# Quantum Field Theory Unitary Transformations

I am currently reading through Itzyskon and Zuber for my quantum field theory class, and I came across this regarding the unitary transformations of the Dirac bispinors in chapter 2. They show that the transformation from one frame to another: $$\psi'(x') = S(\Lambda)\psi(x)$$ has the property:

$$S(\Lambda) \gamma^{\mu} S(\Lambda^{-1}) = (\Lambda^{-1})^{\mu}_{\nu} \gamma^{\nu}$$

Which I understand. Then, if one were to make an infinitesimal transformation:

$$\Lambda^{\mu}_{\nu} = \delta^{\mu}_{\nu} + \omega^{\mu}_{\nu} \hspace{1mm} , \hspace{1mm} (\Lambda^{-1})^{\mu}_{\nu} = \delta^{\mu}_{\nu} - \omega^{\mu}_{\nu}$$

Then we can say that the unitary transformations have the form:

$$S(\Lambda) = 1 - \frac{i}{4}\sigma_{\mu \nu} \omega^{\mu \nu} \hspace{1mm} , \hspace{1mm} S(\Lambda^{-1}) = 1 + \frac{i}{4}\sigma_{\mu \nu} \omega^{\mu \nu}$$

I am somewhat perplexed by the $$\frac{i}{4}$$ factors, but I figure that they're a result of a convention in anticipation of some result. My real problem comes in when attempting to use these with the first equation to derive the commutation relation $$[\gamma^{\mu},\sigma_{\alpha \beta}]$$. In the book they give this as the following:

$$[\gamma^{\mu},\sigma_{\alpha \beta}] = 2i(\delta^{\mu}_{\alpha}\gamma_{\beta} - \delta^{\mu}_{\beta}\gamma_{\alpha})$$

In an attempt to recover these relations, I did the following:

$$S(\Lambda) \gamma^{\mu} S(\Lambda^{-1}) = (\Lambda^{-1})^{\mu}_{\nu} \gamma^{\nu} \rightarrow$$

$$(1 - \frac{i}{4}\sigma_{\alpha \beta} \omega^{\alpha \beta}) \hspace{1mm} \gamma^{\mu} \hspace{1mm} (1 + \frac{i}{4}\sigma_{\alpha \beta} \omega^{\alpha \beta} = (\delta^{\mu}_{\nu} - \omega^{\mu}_{\nu}) \gamma^{\nu}$$

Multiplying the terms, discarding higher than order 1 terms, and subtracting the $$\gamma^{\mu}$$ from each side, we get:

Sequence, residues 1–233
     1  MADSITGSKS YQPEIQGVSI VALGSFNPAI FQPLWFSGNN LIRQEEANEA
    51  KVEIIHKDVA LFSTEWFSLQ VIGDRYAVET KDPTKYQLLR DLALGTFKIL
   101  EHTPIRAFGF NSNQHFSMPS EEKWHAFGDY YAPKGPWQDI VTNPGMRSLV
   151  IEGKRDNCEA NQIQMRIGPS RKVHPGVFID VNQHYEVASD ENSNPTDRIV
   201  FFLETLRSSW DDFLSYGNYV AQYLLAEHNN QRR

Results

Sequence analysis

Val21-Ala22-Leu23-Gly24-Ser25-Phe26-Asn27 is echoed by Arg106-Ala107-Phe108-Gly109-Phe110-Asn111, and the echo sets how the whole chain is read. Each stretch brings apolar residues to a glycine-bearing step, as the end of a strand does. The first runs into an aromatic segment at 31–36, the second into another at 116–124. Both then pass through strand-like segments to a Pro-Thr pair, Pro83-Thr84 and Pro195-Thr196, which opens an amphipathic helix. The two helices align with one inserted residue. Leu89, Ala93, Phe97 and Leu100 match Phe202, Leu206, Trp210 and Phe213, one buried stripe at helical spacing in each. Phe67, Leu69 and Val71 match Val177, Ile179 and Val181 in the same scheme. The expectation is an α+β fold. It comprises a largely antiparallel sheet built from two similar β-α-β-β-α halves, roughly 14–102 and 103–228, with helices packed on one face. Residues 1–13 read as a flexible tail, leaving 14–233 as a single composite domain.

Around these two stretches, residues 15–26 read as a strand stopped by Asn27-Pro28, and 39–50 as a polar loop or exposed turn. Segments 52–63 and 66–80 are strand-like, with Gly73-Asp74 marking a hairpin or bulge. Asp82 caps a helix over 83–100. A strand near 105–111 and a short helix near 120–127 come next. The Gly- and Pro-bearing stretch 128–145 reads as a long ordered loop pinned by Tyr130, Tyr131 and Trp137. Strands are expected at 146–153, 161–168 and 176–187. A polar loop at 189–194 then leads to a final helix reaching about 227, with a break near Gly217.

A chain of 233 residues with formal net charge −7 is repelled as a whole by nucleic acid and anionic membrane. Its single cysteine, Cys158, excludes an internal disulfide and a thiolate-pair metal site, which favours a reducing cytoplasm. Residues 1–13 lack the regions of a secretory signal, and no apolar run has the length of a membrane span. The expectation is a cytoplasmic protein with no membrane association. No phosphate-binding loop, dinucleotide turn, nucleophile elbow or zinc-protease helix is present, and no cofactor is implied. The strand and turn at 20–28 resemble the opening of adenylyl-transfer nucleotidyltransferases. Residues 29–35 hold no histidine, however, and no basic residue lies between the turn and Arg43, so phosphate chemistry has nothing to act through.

$$\frac{i}{4} \big( \gamma^{\mu} \sigma_{\alpha \beta} \omega^{\alpha \beta} - \sigma_{\alpha \beta} \omega^{\alpha \beta} \gamma^{\mu} \big) = - \omega^{\mu}_{\nu} \gamma^{\nu}$$

We can change the above equation to get:

$$\frac{i}{4} \big( \gamma^{\mu} \sigma_{\alpha \beta} - \sigma_{\alpha \beta} \gamma^{\mu} \big) \omega^{\alpha \beta} = \delta^{\mu}_{\beta} \gamma_{\alpha} \omega^{\alpha \beta}$$

If we switch the indices $$\alpha$$ and $$\beta$$ and then use the antisymmetric property of $$\omega^{\alpha \beta}$$, then we get:

$$\frac{i}{4} \big( \gamma^{\mu} \sigma_{\alpha \beta} - \sigma_{\alpha \beta} \gamma^{\mu} \big) \omega^{\alpha \beta} = -\delta^{\mu}_{\alpha} \gamma_{\beta} \omega^{\alpha \beta}$$

So if I add these two and do the appropriate algebra, then I arrive at the above commutation relation:

$$[\gamma^{\mu},\sigma_{\alpha \beta}] = 2i(\delta^{\mu}_{\alpha}\gamma_{\beta} - \delta^{\mu}_{\beta}\gamma_{\alpha})$$

However, this can all only be done if I assume that the $$\omega^{\alpha \beta}$$ commute with the $$\gamma^{\mu}$$. But, on the other hand, it is obvious from the result of this derivation that the $$\sigma_{\alpha \beta}$$ don't commute with $$\gamma^{\mu}$$. Why is this the case? Why should I assume that? It seems like a magical property that the $$\omega^{\alpha \beta}$$ have to get some relations that we like. Does it have to do with them being infinitesimal?

• $\omega$ is a set of 6 numbers whereas $\sigma$ is a set of 6 matrices. Commented Feb 14, 2022 at 5:00

Look again at the defining equation for the $$\sigma_{\mu\nu}$$ and $$\omega^{\mu\nu}$$: $$S = 1 -\frac{\mathrm{i}}{4}\sigma_{\mu\nu}\omega^{\mu\nu}$$ Here, $$S$$ is a matrix, and we're expanding it in term of some basis of matrices $$\sigma_{\mu\nu}$$ with coefficients $$\omega^{\mu\nu}$$. So the $$\omega^{\mu\nu}$$ are just real numbers, while the $$\sigma_{\mu\nu}$$ are matrices. Real numbers commute with everything, matrices don't.